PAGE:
Press "Enter" to skip to content

Ep. 148 How Support Outside of School Can Lead to Better Student Outcomes

When we think about how to help student outcomes, normally we think about how to improve what happens in the school so students will have better outcomes. But in this episode, we’re going to talk about things that happen outside of school and how they may impact student outcomes.

Durham, North Carolina is home to an organization called Student U, which provides extra academics to participants after the school day and on summer breaks, along with field trips, social workers for families and more. The project was dreamed up by students in a social entrepreneurship course at the Sanford School of Public Policy, and developed in collaboration with the community, including school board members, representatives from University of North Carolina, North Carolina Central University, Duke University, and Durham Academy.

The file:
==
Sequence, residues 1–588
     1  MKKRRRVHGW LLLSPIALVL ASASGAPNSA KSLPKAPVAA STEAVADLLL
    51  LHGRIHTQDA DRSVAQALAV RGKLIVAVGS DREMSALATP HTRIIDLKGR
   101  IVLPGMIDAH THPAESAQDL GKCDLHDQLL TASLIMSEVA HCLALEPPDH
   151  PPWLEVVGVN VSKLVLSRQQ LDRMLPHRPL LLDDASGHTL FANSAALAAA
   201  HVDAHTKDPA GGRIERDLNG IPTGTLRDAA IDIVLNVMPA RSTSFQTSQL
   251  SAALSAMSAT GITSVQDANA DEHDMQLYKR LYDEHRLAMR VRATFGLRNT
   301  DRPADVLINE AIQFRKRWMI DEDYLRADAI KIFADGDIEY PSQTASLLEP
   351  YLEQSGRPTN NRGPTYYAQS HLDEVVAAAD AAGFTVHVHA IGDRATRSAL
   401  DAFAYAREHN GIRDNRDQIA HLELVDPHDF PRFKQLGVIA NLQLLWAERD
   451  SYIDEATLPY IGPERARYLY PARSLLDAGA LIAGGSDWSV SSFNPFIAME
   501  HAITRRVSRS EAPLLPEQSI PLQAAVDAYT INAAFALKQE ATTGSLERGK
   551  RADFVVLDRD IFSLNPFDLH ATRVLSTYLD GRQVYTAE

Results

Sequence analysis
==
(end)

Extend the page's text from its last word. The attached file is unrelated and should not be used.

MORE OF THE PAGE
Today, close to 20 years later, the program supports first generation students through middle school, high school, college, and beyond. Student U leadership knew anecdotally that the program was a success: they report a one 100% high school graduation rate. 90% of the participants go on to college. But they didn’t have hard data on how program participants compared to other students in Durham, NC – until now.

Student U program uses a lottery to enroll students. Because the lottery has some winners and losers (some applicants get in, and some don’t) researchers were able to compare outcomes to estimate the effects of the program on educational progress.

Researchers found that the lottery winners earned more course credits, achieved higher grade point averages, and were far less likely to be suspended during ninth grade. The researchers also predict that lottery winners are more likely to graduate from high school than lottery losers.

These results suggest that programs like Student U should be considered closely as models by policymakers — the results indicate “comprehensive services outside of time spent in school can yield valuable benefits for disadvantaged students.”